I know a lot of people praise Wolcott as a great writer, deservedly. But Pierce is no slouch and sums it up about perfectly.

Attaturk could probably work on being a better writer to get within some proximity of them, but somebody has to photocaption Cap'n Happypants and his Nubian Princess and/or compare conservative hacks to varmints and dammit it requires considerably less skill!

So, why this day?

Why January 30th for the Iraqi elections?

Were Georgie & Cheney too into their weed and blow back in the late 1960s to realize what January 30th was infamous (to Americans) for?

Ever hear of the Tet Offensive, Chimpy?

It stated in early 1968....January 30th!

Friday, January 28, 2005

Ask Dr. Attaturk

A Neocon with Questions that need answers? ("Have you considered a Lobotomy?") Get them every Saturday. Send your questions to

Gee, since everybody seems to have Awards

Why not us?

I want to know what is the WORST blog on EARTH.

I'm not talking Little Green Fucksticks, or Ernest T. Bass, ESQ. We may disagree with them because we are afflicted with this little problem called 'sanity', but even they cannot be the worst, and let's be honest Professor Jethro may be disagreeable and occassionally loathsome, but between the "heh" and "indeed" he can write a complete sentence (usually no more than that but still...).

What we at Rising Hegemon want to know is WHAT is the WORST BLOG on EARTH. The more obscure the better.


MOST VILE (Just for the record NO Sexual Deviants please [that should cut down half the internet])



And finally, the most frightening category of all...

Who is most deserving not only of an award but also of a restraining order.

Nominations will be open until we say so. We shall call them THE SHITTIES!

The New Face of Torture

from Buzzflash

The loss of life

The following sad statistics underscore the need to get out of Iraq and keep pressure on the Bush misadministration to explain their lies, mistakes, and deceptions on WMDs, the lack of an exit strategy, no clear plan for so-called "nation building."

1425 Official U.S. Military Fatalities in Iraq (as of 01-28-05)
10371 Official Wounded (thru 1/8/05)

Bush and his misadministration lied, soldiers and Iraqis keep dying. The sacrifice is too great for unclear and unfocused goals. What were these goals again? And... are we there yet?

Attaturk Apologizes

I am making a sincere effort to be more mature, so in that light...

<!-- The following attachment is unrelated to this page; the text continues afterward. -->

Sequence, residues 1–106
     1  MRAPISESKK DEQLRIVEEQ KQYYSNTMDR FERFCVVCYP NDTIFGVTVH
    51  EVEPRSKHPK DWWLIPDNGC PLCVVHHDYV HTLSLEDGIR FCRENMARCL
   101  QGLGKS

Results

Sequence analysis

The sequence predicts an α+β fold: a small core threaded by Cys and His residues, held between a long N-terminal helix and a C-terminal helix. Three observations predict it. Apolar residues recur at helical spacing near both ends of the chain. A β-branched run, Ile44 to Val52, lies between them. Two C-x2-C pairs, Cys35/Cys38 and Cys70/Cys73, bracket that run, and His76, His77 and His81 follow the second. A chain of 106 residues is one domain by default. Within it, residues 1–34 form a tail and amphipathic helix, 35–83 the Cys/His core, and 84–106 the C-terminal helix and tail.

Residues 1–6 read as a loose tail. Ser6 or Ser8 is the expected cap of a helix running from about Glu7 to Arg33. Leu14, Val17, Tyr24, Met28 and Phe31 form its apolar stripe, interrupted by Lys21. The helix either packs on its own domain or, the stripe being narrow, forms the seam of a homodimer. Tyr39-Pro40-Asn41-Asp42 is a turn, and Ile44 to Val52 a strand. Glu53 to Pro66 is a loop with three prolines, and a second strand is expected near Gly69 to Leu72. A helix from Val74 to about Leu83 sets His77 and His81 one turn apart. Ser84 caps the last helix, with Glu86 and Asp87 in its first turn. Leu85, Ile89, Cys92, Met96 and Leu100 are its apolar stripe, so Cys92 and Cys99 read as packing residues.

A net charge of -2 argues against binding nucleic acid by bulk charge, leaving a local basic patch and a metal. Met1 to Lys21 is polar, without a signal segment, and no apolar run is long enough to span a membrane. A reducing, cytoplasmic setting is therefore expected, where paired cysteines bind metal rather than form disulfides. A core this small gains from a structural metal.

I've been pretty hard on the chief blog gal of the place where Aghast Street meets Enema Avenue, Kathryn Lopez. Often in the past I have remarked that the magazine will not let her be seen in public, or that they keep her in a cage.

However, it is clear that in the new edition of the National Review K-Lo will be prominantly featured:

So K-Lo sorry I made fun of you being a recluse.

The Chimp Really Cares About Civil Rights And Liberties

Our intrepid leader at his clarification meeting with the press:

Q Second question, on race. You brought it up in the inaugural address, and yesterday and today you have black leaders here at the White House discussing issues of race. Yesterday you didn't discuss civil rights. But where are you in the second term as it relates to race in America?

THE PRESIDENT: Civil rights is -- is a good education. Civil rights is opportunity. Civil rights is home ownership. Civil rights is owning your own business. Civil rights is making sure all aspects of our society are open for everybody. And we discussed that yesterday. And I believe that what I said was important, that we've got to shed ourselves of bigotry if we expect to lead by example. And I'll do the very best I can as the President to make sure that the promise -- and I believe in the promise of America -- is available for everybody.

Krugman today, as one who really, and I mean really, hits the proverbial nail on the head:

What's really shameful about Mr. Bush's exploitation of the black death rate, however, is what it takes for granted.